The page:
Suppose there were a tradition of 101 and/or 1001 Nights-style storytelling that was based on dynamic, ever-changing live performances (imagine a genre or tradition instead of a manuscript). Authors introduced new tales, adapted other tales from other traditions, and dressed them in the fictional trappings of the popular storytelling tradition of the Arab world that then produced both the 101 Nights and the 1001 Nights. We have already established that Castilian authors such as Don Juan Manuel drew on Andalusi oral narrative tradition (Wacks, “Reconquest”). What if the author of Zifar had done likewise, relying not on Andalusi manuscripts of learned Arabic texts but rather of stories told and retold within the context of the Nights tradition? The apparent Arabization of names and place names that has led critics to suppose an Arabic origin for Zifar may well be instead a reflection of a shared storytelling culture by which Castilian authors adapt material learned from storytellers in their written works, conserving and at times Hispanizing (or straight out corrupting) personal and place names, simply because that was how the Castilian author heard them.
Arabic texts of the time also reflect a shared culture of storytelling. As we have seen, place names of faraway, exotic locations such as China vacillate between Romanized and Arabized versions (Ott 258). Like the author of Zifar, the compiler of 101 Nights was drawing on a live, multilingual storytelling performance tradition in which performers told tales alternately in Andalusi Arabic or in Castilian, and likely at times some combination of both. This suggests a world of code-switching storytellers who moved effortlessly from Arabic to Castilian and back again. Only when viewed through the lens of the literary manuscript does this culture appear as two separate cultures, who communicate with difficulty through translation and adaptation. Just as with Iberian Hebrew poets who were perfectly versed in Romance popular culture, but who were compelled by literary convention to write almost exclusively in Hebrew, our authors and compilers of 101 Nights, Ziyad, and Zifar recorded in monolingual form a tradition that was in practice at least bilingual and probably to a certain extent interlingual as is today’s US Latino culture, where English, Spanish, and Spanglish coexist on a continuum of linguistic practice.
The evidence Ziyad presents is compelling on two counts. On the one hand, Ziyad’s analogues of Arthurian motifs episodes found in Zifar complicate the question of Zifar’s putative Arabic sources. We must choose one of the following: did the Arthurian material pass from the French to Ziyad and thence to Zifar? This would be a delicious but perfectly Iberian irony for the Zifar to have received Arthurian material from an Andalusi text. Or alternatively, did both Ziyad and Zifar take the material directly from the French? Or, a third and in my opinion more likely alternative: that the Arthurian material entered the Iberian oral narrative practice, where both Ziyad and Zifar collected it. This thesis finds strong support in scholars’ assessment of the Andalusi storytelling practice reflected in the 101 Nights manuscript.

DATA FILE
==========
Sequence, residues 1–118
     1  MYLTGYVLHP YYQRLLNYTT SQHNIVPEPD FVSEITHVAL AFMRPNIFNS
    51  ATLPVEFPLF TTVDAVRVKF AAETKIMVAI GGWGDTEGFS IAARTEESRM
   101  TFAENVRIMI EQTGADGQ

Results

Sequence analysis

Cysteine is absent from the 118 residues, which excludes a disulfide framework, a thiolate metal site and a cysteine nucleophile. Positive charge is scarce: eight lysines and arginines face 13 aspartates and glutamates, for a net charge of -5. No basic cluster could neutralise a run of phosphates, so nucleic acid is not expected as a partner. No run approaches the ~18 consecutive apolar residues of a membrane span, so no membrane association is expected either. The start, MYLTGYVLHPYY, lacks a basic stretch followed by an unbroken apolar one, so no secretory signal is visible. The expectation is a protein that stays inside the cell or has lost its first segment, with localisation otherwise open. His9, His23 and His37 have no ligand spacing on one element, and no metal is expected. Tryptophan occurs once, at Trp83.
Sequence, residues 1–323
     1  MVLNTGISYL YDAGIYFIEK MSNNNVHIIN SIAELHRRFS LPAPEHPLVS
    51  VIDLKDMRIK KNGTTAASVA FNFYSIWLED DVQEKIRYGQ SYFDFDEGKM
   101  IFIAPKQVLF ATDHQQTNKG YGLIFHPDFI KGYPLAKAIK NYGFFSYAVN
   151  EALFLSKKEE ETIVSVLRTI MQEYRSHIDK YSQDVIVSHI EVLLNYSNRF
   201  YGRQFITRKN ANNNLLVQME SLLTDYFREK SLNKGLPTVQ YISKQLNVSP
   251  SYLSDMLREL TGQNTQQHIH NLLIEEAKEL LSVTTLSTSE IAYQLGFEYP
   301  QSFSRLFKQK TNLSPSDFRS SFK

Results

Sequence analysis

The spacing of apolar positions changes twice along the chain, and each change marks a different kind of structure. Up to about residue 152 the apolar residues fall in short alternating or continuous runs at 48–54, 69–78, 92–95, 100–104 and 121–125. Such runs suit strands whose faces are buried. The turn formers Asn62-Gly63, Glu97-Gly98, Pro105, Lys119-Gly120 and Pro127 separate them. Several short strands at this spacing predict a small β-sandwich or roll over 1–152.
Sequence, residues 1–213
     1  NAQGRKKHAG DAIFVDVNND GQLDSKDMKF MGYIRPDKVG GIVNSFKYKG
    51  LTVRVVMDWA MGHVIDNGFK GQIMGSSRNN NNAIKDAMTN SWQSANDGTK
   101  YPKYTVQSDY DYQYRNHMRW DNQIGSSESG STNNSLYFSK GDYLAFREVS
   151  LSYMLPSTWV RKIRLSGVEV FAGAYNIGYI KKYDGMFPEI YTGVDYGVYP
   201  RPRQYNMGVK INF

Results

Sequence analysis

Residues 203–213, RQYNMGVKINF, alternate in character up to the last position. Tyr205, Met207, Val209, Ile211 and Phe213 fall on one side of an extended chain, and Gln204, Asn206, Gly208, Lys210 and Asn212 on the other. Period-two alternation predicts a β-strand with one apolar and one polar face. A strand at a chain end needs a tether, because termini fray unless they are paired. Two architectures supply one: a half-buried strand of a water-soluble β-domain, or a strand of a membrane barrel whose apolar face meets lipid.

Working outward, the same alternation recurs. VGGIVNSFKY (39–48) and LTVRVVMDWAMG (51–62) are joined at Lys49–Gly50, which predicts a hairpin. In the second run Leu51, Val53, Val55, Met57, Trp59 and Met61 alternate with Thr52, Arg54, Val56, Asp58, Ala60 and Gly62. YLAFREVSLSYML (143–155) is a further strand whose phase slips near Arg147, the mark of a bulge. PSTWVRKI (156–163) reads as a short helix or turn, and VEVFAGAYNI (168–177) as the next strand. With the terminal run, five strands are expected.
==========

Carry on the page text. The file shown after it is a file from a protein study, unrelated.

Ziyad and 101 Nights both attest to a corpus of Andalusi written popular literature giving voice to a specifically Iberian (or at least Maghrebi) experience vis-a-vis the Muslim East. This corpus is largely latent and we await quality critical editions and translations into other languages of Ziyad, the other 11 texts in Escorial Árabe MS 1876, the 101 Nights, and other texts as they come to light. Our findings are necessarily tentative, based as they are on translations, until these editions come to light. What we can state, however, is the following: Ziyad provides us with new, earlier examples of the penetration of Arthurian themes and motifs in the Iberian Peninsula that predate both the Castilian translations of the Arthurian romances as well as their adaptation in Caballero Zifar. These versions circulated in a multi-lingual, multi-confessional Iberian narrative practice that included both oral and written performances. All of the above changes our understanding of Caballero Zifar and potentially many other early works of Castilian prose fiction as part of a literary polysystem with an oral component that is underrepresented in the sources yet important for understanding the development of literary narrative in Iberia.
El-Shamy, Hasan M. A Motif Index of The Thousand and One Nights. Bloomington, Ind: Indiana University Press, 2006. Print.
Fernández y González, Francisco, trans. Zeyyad ben Amir el de Quinena. Madrid: Museo Español de Antigüedades, 1882. Print.
González, Cristina. “El cavallero Zifar” y el reino lejano. Madrid, España: Editorial Gredos, 1984. Print.
———, ed. Libro del Caballero Zifar. Madrid: Cátedra, 1984. Print.
Guerreau-Jalabert, Anita. Index des motifs narratifs dans les romans arthuriens français en vers (XIIe-XIIIe siècles). Geneva: Droz, 1992. Print.
Ott, Claudia. “Nachwort.” 101 Nacht. Zurich: Manesse Verlag, 2012. 241–263. Print.
Ruck, E. H. An Index of Themes and Motifs in 12th-Century French Arthurian Poetry. Cambridge: D.S. Brewer, 1991. Print.
Thompson, Stith. Motif-Index of Folk-Literature. Rev. and enl. ed. Bloomington: Indiana University Press, 1932. Print.
Wacks, David A. “Reconquest Colonialism and Andalusi Narrative Practice in Don Juan Manuel’s Conde Lucanor.” diacritics 36.3-4 (2006): 87–103. Print.
From author website